- If your employees are forced to rely on non-corporate channels, such as WeChat to communicate and share files etc., ensure you send out some guidance to them on what kind of information may not be shared over such channels. This is an area where your internal legal resources at HQ might be required to provide input. For instance, you may have contracts in place with certain clients or vendors that restrict the sharing of certain information over non-corporate channels. Efficiency is one key consideration for your organization in the coming weeks, but data protection should also be ensured. Without such guidance, you may find that your China-based employees are sharing all sorts of documents and information via their personal WeChat accounts.
- Setup a clear and regular communication schedule for senior resources during the coming weeks. This is particularly important when people are working remotely. Most modern conference call platforms include not only an online attendance option where full functionality can be enjoyed during meetings, but also a “dial-in” option for those participants who simply want voice functionality through their mobile phones. This functionality is recommended for employees that might be facing limited bandwidth issues from their residential addresses.
These above measures can at least enable your China-based employees to continue working with a reasonable degree of efficiency and security while the situation stabilizes. As that happens, your company should be considering how to deal with the medium-term impact. This is something that can’t be rushed. Business Continuity Plans need to be designed carefully before they are implemented, taking into account the nature of your business, its global requirements, as well as China-specific considerations. Once designed, appropriate hardware needs to be procured, software installed, and data migrated carefully. The process takes months, requiring close liaison between your operations teams in China (and elsewhere) and your IT resources.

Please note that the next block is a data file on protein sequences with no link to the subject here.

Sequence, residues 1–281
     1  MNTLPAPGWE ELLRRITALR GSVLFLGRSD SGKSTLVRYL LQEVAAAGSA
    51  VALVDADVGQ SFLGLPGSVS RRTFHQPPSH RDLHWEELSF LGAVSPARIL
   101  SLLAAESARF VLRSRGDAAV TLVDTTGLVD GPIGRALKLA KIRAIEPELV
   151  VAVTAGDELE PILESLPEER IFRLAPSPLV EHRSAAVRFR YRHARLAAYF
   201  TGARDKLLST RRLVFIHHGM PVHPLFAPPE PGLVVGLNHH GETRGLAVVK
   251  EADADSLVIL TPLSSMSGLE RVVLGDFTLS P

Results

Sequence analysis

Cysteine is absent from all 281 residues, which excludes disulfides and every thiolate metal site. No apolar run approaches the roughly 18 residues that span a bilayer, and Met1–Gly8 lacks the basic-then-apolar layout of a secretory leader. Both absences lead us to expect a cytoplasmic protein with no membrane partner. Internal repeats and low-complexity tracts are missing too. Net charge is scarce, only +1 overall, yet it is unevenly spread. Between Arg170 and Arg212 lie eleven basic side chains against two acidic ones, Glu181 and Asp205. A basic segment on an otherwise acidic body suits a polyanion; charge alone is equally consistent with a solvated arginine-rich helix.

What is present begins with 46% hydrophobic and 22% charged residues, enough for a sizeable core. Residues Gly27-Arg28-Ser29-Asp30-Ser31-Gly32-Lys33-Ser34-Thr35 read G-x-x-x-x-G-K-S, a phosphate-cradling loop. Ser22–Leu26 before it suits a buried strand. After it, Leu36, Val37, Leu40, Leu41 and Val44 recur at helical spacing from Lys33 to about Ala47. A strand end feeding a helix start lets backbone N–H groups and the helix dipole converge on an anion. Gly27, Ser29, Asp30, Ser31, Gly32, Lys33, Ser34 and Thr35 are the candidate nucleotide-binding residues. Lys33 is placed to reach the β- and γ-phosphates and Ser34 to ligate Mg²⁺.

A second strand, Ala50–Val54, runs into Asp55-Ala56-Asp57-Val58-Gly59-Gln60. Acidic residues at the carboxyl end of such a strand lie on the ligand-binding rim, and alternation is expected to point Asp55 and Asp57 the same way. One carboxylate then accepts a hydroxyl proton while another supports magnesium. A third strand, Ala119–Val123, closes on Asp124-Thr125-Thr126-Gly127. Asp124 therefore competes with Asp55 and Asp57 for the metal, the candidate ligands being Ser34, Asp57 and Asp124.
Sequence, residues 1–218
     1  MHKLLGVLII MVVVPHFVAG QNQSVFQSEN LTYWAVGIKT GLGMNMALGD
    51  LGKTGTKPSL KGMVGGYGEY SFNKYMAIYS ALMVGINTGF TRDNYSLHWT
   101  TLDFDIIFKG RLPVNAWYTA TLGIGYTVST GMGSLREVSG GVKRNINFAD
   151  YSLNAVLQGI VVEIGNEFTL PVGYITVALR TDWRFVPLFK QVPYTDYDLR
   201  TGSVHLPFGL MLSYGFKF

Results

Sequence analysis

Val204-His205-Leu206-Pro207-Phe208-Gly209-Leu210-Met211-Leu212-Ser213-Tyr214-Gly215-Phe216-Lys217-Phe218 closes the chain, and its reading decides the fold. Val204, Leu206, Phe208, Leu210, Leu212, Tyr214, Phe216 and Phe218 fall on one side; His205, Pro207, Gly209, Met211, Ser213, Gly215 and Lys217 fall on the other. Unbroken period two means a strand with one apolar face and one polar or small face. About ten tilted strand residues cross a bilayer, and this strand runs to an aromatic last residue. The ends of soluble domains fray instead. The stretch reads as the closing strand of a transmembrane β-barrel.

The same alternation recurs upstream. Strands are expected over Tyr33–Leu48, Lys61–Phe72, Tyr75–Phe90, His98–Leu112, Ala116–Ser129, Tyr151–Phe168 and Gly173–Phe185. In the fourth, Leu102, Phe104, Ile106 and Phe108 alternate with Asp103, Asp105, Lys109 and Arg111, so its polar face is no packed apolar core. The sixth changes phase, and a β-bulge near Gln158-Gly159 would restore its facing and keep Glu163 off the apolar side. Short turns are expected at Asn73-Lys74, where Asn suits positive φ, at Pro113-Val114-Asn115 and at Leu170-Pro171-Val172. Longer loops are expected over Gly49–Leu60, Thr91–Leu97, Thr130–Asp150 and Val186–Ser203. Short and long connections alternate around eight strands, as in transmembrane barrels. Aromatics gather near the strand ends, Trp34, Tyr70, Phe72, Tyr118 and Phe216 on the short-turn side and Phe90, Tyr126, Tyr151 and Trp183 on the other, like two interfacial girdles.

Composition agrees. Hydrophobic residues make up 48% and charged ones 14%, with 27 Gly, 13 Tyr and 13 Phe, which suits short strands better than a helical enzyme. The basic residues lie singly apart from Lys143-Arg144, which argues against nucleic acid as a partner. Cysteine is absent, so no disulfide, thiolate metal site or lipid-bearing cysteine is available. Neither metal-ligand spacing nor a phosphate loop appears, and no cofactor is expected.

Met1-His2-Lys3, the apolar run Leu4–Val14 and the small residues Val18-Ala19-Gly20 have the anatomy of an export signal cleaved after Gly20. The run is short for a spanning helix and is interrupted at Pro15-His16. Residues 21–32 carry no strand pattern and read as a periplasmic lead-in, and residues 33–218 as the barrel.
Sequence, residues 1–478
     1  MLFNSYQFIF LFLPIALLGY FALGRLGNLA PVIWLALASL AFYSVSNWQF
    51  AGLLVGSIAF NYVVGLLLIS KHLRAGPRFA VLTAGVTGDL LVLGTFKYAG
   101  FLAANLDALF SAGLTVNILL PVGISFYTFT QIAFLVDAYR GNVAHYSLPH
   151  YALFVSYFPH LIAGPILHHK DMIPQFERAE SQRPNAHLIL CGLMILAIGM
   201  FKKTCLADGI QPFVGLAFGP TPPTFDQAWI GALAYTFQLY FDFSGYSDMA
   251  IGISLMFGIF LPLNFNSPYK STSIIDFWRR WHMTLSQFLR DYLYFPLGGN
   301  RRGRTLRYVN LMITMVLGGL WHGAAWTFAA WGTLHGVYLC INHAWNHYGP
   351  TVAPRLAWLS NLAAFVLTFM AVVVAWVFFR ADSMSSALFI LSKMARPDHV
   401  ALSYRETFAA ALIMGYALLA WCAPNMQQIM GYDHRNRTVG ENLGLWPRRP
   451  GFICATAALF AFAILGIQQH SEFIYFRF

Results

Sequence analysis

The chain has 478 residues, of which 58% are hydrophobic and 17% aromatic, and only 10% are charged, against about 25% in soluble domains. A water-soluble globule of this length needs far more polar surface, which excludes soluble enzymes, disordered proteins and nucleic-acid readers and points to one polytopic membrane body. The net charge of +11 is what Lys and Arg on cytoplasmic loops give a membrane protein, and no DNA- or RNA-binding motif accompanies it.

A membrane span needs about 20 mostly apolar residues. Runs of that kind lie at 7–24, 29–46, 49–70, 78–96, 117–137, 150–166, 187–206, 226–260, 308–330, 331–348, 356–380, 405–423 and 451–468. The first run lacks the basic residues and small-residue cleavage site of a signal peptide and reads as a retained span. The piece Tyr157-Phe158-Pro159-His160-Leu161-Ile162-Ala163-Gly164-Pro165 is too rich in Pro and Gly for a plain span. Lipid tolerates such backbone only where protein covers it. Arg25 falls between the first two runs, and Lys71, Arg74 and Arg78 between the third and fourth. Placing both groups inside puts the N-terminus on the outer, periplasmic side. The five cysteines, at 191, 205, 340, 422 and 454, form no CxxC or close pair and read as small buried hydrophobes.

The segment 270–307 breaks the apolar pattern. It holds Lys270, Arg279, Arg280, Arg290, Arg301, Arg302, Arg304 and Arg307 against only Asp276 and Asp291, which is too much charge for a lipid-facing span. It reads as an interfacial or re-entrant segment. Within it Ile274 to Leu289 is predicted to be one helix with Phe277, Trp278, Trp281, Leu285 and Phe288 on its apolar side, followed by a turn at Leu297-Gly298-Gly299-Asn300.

Solutions should be put in place as soon as possible. This current situation should be a wake-up call to your organization that such technology is becoming increasingly important. It is not only critical in “crisis” situations, such as the current coronavirus outbreak; digital communication / sharing tools are increasingly being considered as a replacement to the traditional office environment. For those organizations that are “ahead of the game” in this respect, this current crisis should actually provide them with a kind of competitive advantage for a period of time.
For those that find themselves “behind the game”, maybe it is time to make the required investment. Dezan Shira & Associates can advise and help implement robust solutions with our IT Infrastructure Engineering and IT Consulting teams. Please contact IT@dezshira.com to discuss setting up such systems for your company.